Driver distraction advice offered to employers

16.02 | 12 January 2011 | | 1 comment

A report published by the European Transport Safety Council (ETSC) offers employers advice on how to minimise distractions as vehicles become increasingly like ‘moving offices’.

The report, ‘Minimising In-Vehicle Distraction’, reveals that when employees are driving they are likely to receive or make phone calls, check text messages and even check emails. Driver distraction is thought to play a role in 20-30% of all road collisions.

This report provides employers an insight in how to minimise in-vehicle distractions, focusing on nomadic devices such as mobile phones.

It aims to provide a source of information and recommendations to employers based on a recently completed longer study on the regulatory situation in the European Member States.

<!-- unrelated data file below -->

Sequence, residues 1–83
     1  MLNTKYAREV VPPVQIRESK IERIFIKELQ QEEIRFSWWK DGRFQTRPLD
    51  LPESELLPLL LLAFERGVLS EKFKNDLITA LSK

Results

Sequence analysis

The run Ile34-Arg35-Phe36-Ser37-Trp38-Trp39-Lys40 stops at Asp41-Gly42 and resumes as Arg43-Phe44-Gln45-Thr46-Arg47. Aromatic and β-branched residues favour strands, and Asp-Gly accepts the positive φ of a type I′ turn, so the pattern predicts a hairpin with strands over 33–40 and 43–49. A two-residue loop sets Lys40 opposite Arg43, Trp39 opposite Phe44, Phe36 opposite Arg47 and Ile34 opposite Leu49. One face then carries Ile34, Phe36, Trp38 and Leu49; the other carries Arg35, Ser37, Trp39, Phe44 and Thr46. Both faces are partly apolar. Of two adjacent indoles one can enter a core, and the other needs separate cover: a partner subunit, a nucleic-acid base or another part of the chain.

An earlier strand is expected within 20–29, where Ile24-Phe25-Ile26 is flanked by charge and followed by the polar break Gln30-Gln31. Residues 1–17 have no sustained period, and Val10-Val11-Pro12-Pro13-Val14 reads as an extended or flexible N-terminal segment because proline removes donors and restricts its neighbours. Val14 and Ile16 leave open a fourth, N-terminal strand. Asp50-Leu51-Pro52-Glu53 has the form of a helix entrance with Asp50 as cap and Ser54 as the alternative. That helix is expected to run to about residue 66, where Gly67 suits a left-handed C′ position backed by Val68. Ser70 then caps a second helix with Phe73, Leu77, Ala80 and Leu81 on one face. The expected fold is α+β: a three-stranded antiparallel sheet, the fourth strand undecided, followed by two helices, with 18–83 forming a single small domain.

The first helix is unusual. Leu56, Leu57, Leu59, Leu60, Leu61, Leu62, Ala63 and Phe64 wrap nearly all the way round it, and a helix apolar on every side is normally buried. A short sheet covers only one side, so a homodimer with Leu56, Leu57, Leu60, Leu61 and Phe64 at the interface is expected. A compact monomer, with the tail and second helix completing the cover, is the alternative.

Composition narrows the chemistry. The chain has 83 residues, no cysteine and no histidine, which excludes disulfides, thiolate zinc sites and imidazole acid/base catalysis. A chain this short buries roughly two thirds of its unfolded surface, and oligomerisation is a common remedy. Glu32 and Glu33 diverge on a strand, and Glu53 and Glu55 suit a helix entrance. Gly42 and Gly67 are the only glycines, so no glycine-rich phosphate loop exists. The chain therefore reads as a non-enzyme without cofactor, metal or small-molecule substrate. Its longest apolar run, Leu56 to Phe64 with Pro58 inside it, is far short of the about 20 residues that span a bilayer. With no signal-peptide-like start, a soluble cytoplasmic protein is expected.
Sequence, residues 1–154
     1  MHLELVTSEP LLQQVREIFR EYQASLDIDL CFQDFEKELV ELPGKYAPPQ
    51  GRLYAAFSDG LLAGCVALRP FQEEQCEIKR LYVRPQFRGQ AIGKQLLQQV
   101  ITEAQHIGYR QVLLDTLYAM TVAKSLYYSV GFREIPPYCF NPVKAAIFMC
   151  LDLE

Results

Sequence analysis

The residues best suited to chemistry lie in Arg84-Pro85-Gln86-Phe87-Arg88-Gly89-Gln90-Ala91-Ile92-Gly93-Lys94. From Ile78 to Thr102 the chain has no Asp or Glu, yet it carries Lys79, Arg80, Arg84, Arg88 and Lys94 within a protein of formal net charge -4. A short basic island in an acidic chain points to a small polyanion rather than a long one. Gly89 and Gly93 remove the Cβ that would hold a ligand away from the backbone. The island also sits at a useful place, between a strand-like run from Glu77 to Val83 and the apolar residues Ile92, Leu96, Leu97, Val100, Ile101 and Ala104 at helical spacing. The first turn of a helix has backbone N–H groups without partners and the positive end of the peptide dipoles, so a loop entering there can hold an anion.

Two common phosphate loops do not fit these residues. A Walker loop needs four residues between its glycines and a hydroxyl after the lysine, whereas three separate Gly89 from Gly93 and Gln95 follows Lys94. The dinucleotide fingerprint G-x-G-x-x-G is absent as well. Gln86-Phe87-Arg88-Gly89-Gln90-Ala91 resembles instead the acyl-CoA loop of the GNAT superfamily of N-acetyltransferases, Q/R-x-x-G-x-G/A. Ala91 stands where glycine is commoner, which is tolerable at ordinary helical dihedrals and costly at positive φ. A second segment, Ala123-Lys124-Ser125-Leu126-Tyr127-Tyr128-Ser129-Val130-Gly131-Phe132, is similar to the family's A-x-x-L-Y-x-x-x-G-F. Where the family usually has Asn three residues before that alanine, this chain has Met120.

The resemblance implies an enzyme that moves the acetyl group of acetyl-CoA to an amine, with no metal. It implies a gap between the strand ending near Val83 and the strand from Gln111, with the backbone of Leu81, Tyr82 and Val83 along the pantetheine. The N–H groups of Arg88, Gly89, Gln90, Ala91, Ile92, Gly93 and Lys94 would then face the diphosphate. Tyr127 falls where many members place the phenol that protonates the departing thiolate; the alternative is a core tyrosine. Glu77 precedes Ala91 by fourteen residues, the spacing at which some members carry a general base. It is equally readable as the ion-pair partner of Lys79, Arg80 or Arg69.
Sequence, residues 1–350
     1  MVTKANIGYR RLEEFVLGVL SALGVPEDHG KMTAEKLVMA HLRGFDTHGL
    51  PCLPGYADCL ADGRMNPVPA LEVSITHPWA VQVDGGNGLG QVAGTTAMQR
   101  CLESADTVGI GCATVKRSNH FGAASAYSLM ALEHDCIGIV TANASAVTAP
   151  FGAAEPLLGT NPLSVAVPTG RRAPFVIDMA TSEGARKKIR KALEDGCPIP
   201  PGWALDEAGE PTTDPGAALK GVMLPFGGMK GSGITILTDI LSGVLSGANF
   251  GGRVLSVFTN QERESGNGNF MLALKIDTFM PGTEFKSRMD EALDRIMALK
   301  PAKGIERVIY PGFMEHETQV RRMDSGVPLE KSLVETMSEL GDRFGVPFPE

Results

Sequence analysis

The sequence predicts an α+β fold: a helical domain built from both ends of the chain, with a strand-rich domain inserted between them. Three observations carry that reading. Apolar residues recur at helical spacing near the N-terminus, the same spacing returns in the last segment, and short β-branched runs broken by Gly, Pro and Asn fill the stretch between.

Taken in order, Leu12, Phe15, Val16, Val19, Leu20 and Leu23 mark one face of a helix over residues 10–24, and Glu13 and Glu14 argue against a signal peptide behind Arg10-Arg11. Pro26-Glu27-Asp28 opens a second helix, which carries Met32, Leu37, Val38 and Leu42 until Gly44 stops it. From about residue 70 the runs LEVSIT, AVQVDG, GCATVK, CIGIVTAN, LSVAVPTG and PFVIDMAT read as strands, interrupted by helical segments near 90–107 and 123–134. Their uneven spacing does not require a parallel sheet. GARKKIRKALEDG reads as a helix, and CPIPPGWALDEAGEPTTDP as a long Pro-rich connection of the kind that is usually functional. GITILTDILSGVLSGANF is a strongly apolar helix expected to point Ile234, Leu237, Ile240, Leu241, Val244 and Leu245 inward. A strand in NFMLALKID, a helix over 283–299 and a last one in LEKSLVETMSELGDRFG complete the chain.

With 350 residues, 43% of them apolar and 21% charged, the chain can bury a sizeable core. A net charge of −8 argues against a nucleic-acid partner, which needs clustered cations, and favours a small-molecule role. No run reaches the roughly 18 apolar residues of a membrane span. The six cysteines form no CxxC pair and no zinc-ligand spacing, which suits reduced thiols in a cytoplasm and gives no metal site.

Although the report focuses on the risks associated with nomadic devices, employers should also identify other risks to avoid, such as eating and drinking; changing radio or climate controls; personal grooming and checking maps.

Click here to view the ETSC report.


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    Great advice but almost ineffectual unless the police are policing the roads and enforcing the law. Have I done it? Yes, albeit nearly 30 years ago. I caught a woman looking in the mirror and applying mascara, a man using an electric shaver and using the driving mirror as a bathroom mirror and the driver of a pick-up truck thumbing through a mail order catalogue as he drove at 40 mph along a dual carriageway. All reported for driving without due care and attention. All found guilty. All it takes is to have police motorcyclists hunting in pairs like the old days.

    Roy Buchanan, Sutton
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